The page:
Gear, tone, rig, sound: four words that we guitarists hear all the time. These four words can be just as important to creating a musical identity and personality as the music you play. Your gear and your rig are part of what makes your tone and your sound, and there are countless famous guitarists who have gone to extreme lengths—and a few who have done very little—to achieve their sound. I recently had the priveledge of getting a walk-through of the Edge’s setup by his guitar tech, Dallas, during the Saturday Night Live season premiere this year. The amount of thought and detail that have gone into it is miraculous. I’m someone who has always been more of a “plug and play” kind of guy; his setup seemed to me like something straight out of NASA. But as Dallas explained to me, every little detail matters and has extreme significance to the Edge, right down to cable length.
Now, on the other side of the coin, take some famous tone-men like Slash, Keith Richards or Eric Clapton. Their sound and tone are equally legendary, and typically pretty straightforward. Keith’s Tele through a vintage Deluxe, or Cream-era Clapton with his SG and Marshall combination, Slash’s Appetiteera Les Paul and Marshall Jubliee. No matter how any of these guitarists got to their signature sound, the minute you hear a note, you know it’s them. There is also a flip side, typically, for the sonic adventurists, and the session player. For the session player, part of the job is to create a variety of sounds and tones to fit any musical situation. My role as the guitarist in the SNL band is more like this. The SNL band covers a wide variety of music and styles, including funk, soul, rock, a touch of jazz, and pop covers. All of this takes place within a one-and-a-half hour show.
I knew the best way to tackle all of these things was to have a versatile pedalboard and few different guitars. For SNL, I have a Bill Nash Strat, a Fender Strat, a James Trussart Steelcaster, a KLH Custom Relic Tele, and my latest addition, a Fano JM6 (jazzmaster body). All of these possess a different flavor. For the entire month of December and the SNL season opener, I used the Fano JM6. It’s like a modern version of a Jazzmaster but plays more like a Gibson-Strat hybrid. It has P-90s and is probably the most versatile of all the guitars I use on the show. The Trussart Steelcaster has a very distinct sound, which I like to use for funk style strumming, while the KLH Tele is a great workhorse. I use that a lot for the Steve Cropper-style soul guitar riffs, funk, and some of the rock stuff as well. The strats are mostly used for rock and anything with a lot of leads for me to do. The Bill Nash Strat has Lollar pickups, the best single-coil pickups I’ve ever heard, and my Fender Strat has a Seymour Duncan Lil’ 59 humbucker which shreds for solos and rock stuff. So, all in all, these guitars provide a ton of tone options.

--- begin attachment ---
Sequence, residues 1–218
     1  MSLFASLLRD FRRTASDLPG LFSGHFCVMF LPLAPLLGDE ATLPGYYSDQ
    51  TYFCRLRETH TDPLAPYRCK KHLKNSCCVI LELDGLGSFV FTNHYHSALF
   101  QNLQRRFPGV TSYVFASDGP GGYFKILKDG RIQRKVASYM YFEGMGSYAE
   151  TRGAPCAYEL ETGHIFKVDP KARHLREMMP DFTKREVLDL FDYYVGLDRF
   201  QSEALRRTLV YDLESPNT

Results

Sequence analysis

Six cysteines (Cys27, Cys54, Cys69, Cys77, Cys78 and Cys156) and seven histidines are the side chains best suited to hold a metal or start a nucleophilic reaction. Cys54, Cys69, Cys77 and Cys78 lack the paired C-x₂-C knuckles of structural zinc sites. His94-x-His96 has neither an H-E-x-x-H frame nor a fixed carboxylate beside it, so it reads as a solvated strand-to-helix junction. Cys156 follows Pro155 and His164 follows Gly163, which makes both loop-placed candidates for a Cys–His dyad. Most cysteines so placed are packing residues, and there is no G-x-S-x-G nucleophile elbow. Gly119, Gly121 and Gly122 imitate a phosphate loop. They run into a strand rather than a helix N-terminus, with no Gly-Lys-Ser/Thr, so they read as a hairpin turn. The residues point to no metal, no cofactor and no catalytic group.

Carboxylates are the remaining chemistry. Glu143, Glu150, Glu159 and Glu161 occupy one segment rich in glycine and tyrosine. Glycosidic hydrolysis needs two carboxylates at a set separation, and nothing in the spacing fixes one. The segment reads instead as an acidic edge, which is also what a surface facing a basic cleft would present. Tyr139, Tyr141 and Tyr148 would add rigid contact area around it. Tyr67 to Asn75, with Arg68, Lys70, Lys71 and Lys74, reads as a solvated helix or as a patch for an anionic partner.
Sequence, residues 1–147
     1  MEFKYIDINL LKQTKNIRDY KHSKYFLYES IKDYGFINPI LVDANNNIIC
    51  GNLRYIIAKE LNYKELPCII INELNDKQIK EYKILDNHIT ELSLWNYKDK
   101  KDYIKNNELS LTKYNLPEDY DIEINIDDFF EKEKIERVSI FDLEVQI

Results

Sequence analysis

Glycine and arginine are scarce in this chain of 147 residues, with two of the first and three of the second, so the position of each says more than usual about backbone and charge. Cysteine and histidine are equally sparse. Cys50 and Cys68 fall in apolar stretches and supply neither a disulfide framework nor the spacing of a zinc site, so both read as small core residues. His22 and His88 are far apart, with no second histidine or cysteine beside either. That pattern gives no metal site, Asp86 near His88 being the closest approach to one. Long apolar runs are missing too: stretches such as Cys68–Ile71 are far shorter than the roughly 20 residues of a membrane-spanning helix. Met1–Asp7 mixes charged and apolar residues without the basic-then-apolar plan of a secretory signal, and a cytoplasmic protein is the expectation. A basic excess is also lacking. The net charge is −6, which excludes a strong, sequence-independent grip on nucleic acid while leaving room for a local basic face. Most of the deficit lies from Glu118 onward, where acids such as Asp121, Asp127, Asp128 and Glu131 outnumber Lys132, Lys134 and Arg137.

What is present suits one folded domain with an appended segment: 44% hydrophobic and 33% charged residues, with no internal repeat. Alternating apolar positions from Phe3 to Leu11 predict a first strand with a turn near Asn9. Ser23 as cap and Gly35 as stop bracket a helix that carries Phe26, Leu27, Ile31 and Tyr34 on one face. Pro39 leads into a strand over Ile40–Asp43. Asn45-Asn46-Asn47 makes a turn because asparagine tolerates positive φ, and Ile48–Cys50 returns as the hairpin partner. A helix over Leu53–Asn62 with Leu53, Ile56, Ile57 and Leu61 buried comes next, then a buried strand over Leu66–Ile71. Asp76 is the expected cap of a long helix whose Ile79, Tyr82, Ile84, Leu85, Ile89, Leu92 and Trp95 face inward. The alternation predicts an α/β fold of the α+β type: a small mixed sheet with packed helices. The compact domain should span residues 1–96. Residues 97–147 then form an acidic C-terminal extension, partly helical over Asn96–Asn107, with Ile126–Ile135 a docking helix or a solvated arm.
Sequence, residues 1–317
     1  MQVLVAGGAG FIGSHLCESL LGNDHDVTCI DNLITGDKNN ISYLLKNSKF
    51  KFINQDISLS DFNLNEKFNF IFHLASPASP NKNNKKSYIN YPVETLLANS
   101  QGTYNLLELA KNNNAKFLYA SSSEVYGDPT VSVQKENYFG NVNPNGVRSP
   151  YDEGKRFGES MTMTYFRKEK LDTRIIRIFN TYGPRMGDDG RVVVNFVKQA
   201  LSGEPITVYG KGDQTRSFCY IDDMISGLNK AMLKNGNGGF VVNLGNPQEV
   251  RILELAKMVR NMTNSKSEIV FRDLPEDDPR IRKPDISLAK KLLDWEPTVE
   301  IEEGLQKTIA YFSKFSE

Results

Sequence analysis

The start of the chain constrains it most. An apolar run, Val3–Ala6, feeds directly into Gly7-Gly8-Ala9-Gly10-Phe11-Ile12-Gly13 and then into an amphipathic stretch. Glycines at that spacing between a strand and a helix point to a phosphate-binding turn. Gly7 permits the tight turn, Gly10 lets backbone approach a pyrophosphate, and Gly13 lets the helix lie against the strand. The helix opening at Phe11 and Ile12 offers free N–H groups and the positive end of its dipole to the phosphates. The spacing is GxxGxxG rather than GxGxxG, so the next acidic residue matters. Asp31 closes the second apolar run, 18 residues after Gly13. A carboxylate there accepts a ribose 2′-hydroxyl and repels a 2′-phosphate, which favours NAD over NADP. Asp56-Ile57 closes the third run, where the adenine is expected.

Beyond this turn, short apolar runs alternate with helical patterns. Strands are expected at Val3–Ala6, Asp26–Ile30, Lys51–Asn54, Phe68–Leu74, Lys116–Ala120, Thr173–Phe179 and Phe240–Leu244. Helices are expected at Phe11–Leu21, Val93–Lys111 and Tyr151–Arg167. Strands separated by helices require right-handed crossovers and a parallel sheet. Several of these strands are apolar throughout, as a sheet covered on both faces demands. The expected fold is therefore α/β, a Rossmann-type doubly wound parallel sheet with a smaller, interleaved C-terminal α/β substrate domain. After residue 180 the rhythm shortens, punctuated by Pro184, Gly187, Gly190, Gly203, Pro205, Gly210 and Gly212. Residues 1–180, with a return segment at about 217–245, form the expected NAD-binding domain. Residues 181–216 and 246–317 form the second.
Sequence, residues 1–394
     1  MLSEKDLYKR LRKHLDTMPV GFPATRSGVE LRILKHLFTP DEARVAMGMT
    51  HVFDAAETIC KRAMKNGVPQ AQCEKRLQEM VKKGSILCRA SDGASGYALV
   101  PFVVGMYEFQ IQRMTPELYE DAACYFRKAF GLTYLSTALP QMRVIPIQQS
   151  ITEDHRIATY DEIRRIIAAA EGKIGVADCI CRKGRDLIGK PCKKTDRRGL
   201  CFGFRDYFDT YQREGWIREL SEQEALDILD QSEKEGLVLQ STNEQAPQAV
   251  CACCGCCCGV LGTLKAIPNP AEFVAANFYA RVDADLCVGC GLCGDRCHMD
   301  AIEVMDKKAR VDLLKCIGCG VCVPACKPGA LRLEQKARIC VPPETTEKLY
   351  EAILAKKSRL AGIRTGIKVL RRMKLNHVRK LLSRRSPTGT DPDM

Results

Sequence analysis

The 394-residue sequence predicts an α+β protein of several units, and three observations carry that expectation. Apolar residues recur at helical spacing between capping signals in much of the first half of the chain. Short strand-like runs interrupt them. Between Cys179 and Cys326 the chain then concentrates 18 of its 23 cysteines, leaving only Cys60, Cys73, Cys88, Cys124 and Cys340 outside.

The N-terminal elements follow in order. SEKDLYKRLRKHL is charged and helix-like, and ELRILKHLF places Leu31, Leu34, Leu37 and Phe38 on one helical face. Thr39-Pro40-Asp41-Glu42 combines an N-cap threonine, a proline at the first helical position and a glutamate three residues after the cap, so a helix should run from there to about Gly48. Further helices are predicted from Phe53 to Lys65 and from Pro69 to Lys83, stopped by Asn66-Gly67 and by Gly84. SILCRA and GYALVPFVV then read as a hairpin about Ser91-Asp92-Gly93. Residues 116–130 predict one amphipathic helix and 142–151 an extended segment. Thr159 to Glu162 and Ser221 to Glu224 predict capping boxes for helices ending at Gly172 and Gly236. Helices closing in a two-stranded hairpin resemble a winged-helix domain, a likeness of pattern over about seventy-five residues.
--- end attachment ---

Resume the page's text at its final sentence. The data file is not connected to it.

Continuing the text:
Pedalboard, Effects and Amp
As far as pedalboards, I armed myself with a Pedaltrain 2 and started researching pedals. I chose Pedaltrain because I liked the flexability it provided to change and reconfigure pedals very simply. I should say that there are so many pedals out there that I love, own and use often that I couldn’t include them all on my SNL board. I had to cover the basics and not take up the entire stage with a massive rig— although it would be fun to throw a Whammy pedal, looper, and an EH POG on this gig. I’ll get some of those in there at some point.
My plan was to use the amp for clean tones and pedals for everything else. Currently, I’m using a 65Amps Monterey for both clean and dirty tones. Some of the pedals that have been a part of my board and in the rotation are: T-Rex Replica delay, Xotic Effects BB Plus (for highest gain sounds), Keeley-modded Ibanez Tube Screamer, Keeley 2-knob Compressor, Line 6 Verbzilla, Home Brew Electronics Uno Mos (for boost), Home Brew Electronics Medicine Bawl Wah, Jon Cusack Tap-A-Whirl trem, Sweet Sound Ultra Vibe, Analog Man Peppermint Fuzz, Sun Face fuzz and Mini Chorus. These are the bread and butter of my board. It took a lot of time to find the right pedals, I tried out so many. I also changed my amp setup this year (I originally used a Bruno Super Lead 100) and had to re-dial in all my pedals. It was interesting to see how different the pedals sounded and reacted to the Monterey versus the Bruno.
So, it’s always changing. Do the homework, play everything and see what you vibe with. At the end of the day, true tone is about what will get you to play the best. These pedals give me what I need to cover SNL duties. Find the sounds that you need for what you’re doing. Anyway, who says you can only have one pedalboard? See you on the tube.
Jared Scharff has been the house guitarist for the legendary Saturday Night Live band for the last two years. A Native New Yorker, Jared is also a recording artist, producer, songwriter and highly sought-after session player, and has shared the stage with Justin Timberlake, Beyonce, Kid Rock, Rihanna, Mary J. Blige, Pete Seeger, Arlo Guthrie, Roger McGuinn and Debbie Harry. For more information on Jared, go to myspace.com/jaredscharffmusic.
- Rig Rundowns
- Pro Advice